This week marks European Dyslexia Awareness week. Dyslexia is the label given to a learning difference that one in ten people have been diagnosed with. It affects the fluency and accuracy of reading and spelling. Beyond this though, the less visible difficulties lie with information processing, working memory and the speed of retrieval of information.
While dyslexia can bring its difficulties and challenges for students in our education system, it also brings with it great opportunity and a possibility to learn differently. People with dyslexia are creative, out of the box thinkers. What we as educators can do to help is to create an environment where they are allowed to learn, and use the skills and strategies they have developed in order to succeed.
The majority of lectures at third-level are presented using a verbal approach which does not always accommodate students with dyslexia. Using a visual and kinaesthetic style, demonstrating rather than telling will help all students in the class. Giving the option to students to demonstrate their knowledge in a non-literacy based task will also help. Concept mapping, course outlines, advanced provision of notes and the use of technology, models or virtual learning environments have all been proven to provide students with dyslexia access to their learning. And very importantly, believing in their abilities will also help them to believe in their own potential.
I was diagnosed with dyslexia at a late stage in my learning when I started university and started failing exams. I could no longer depend on the strategy I had used to get through education to that point – rote learning - and my difficulties became blatantly obvious. The diagnosis for me was empowering. I now had a self-awareness of what I needed to do to get on. I needed to make changes in my learning techniques and these changes were driven by great support and a self-motivation I had to not let it get in my way.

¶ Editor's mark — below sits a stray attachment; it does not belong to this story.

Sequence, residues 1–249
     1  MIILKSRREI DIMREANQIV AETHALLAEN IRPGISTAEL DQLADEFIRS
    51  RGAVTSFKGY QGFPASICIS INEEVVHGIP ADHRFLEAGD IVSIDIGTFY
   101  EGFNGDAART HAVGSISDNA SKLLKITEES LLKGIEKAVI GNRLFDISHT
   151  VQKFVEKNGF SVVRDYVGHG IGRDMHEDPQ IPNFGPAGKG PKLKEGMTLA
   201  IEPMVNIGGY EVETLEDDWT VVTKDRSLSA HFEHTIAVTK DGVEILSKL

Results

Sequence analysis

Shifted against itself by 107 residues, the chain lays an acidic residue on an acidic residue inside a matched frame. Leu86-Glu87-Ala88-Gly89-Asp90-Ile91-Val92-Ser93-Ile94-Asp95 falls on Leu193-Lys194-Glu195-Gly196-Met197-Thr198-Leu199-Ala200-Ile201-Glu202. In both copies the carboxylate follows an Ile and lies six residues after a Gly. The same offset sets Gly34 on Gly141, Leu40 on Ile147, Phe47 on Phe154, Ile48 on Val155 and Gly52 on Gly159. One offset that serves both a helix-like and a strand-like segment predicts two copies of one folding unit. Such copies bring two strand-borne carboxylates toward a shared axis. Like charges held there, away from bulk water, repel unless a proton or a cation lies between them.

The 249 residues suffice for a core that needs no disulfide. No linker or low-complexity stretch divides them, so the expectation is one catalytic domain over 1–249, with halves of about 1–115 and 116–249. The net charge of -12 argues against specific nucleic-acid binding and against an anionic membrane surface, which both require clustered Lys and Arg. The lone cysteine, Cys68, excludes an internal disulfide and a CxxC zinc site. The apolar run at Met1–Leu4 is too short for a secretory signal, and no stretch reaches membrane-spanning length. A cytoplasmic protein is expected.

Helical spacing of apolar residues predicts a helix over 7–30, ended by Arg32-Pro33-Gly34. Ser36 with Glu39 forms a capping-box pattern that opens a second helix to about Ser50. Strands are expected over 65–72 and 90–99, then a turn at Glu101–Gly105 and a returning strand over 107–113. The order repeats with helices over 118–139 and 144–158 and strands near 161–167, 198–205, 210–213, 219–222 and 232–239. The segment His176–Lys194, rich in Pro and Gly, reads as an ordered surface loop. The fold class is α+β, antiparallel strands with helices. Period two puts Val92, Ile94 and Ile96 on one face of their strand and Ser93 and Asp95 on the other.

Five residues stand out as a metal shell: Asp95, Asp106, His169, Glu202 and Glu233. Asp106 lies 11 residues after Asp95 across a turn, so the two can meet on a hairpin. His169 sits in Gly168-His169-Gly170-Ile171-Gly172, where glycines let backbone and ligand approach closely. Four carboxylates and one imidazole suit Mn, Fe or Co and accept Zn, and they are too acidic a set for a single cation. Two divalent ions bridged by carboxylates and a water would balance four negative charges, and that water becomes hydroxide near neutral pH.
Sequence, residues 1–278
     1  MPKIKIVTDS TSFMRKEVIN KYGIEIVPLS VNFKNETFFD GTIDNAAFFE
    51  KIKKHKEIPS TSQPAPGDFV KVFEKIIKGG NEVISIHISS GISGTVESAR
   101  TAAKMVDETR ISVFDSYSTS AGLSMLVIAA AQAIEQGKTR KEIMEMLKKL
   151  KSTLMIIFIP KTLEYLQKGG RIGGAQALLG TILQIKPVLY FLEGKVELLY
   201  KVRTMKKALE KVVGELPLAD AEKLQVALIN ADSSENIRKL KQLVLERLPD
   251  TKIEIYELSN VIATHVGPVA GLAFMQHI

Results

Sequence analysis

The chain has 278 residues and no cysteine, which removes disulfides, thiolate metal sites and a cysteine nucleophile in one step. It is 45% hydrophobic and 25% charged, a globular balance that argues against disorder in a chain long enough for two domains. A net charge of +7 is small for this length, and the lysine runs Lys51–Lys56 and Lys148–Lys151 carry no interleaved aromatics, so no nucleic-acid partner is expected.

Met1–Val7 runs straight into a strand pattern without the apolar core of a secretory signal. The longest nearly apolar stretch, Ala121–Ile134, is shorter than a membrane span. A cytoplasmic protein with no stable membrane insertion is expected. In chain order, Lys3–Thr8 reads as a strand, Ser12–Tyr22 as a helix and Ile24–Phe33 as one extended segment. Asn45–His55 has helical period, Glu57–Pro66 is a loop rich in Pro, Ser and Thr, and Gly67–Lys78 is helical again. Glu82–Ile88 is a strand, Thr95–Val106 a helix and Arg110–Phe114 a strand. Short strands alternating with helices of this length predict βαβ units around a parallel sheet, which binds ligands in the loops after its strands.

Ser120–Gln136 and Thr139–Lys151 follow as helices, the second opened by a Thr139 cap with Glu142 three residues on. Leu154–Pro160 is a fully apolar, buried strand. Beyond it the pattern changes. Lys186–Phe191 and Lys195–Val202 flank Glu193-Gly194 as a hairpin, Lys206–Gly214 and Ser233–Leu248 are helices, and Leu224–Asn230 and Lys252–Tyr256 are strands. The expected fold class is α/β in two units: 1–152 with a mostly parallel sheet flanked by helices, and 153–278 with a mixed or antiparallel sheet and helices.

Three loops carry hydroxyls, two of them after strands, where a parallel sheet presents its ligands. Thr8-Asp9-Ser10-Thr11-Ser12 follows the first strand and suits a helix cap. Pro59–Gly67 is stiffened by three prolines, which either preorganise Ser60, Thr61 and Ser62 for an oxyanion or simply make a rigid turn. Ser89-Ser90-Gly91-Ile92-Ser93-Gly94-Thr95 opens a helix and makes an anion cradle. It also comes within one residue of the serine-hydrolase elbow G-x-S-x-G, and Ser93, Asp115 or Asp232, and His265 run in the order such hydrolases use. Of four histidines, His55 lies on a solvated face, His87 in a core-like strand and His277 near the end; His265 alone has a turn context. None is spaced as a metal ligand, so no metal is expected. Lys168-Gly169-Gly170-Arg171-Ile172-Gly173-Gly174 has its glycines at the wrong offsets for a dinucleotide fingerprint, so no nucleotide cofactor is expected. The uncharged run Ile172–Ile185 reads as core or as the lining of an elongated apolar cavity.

For the last 14 years I have been working with students with dyslexia, and I am constantly blown away by their self-motivated drive. They are some of the most dedicated students you will find. Despite how long it takes them to get through material, despite the different supports they must pull together to produce the work, despite low self-esteem and anxiety, despite having to prove their knowledge in a system that doesn’t allow them to call on their strengths but rather tests them on their weaknesses, they are here. And they are out to succeed. To join the long list of successful people around the world with dyslexia who haven’t let it stand in their way: Albert Einstein, Stephen Spielberg, WB Yates, Mohammad Ali, Richard Branson, Leonardo di Vinci, Bill Gates to name but a few. So on this week of dyslexia awareness I ask you to do one thing. We are all aware of the challenges it brings but let’s focus on the abilities. For our students and our colleagues with dyslexia how can we allow them to use their strengths in our educational world? Let them show what they can do...
If you would like any more information/support around dyslexia as a staff member or student please contact Catherine Elliott (pictured above), Learning Support Tutor on Catherine.firstname.lastname@example.org, (01)6599208 or drop into her in the Learning & Teaching Centre.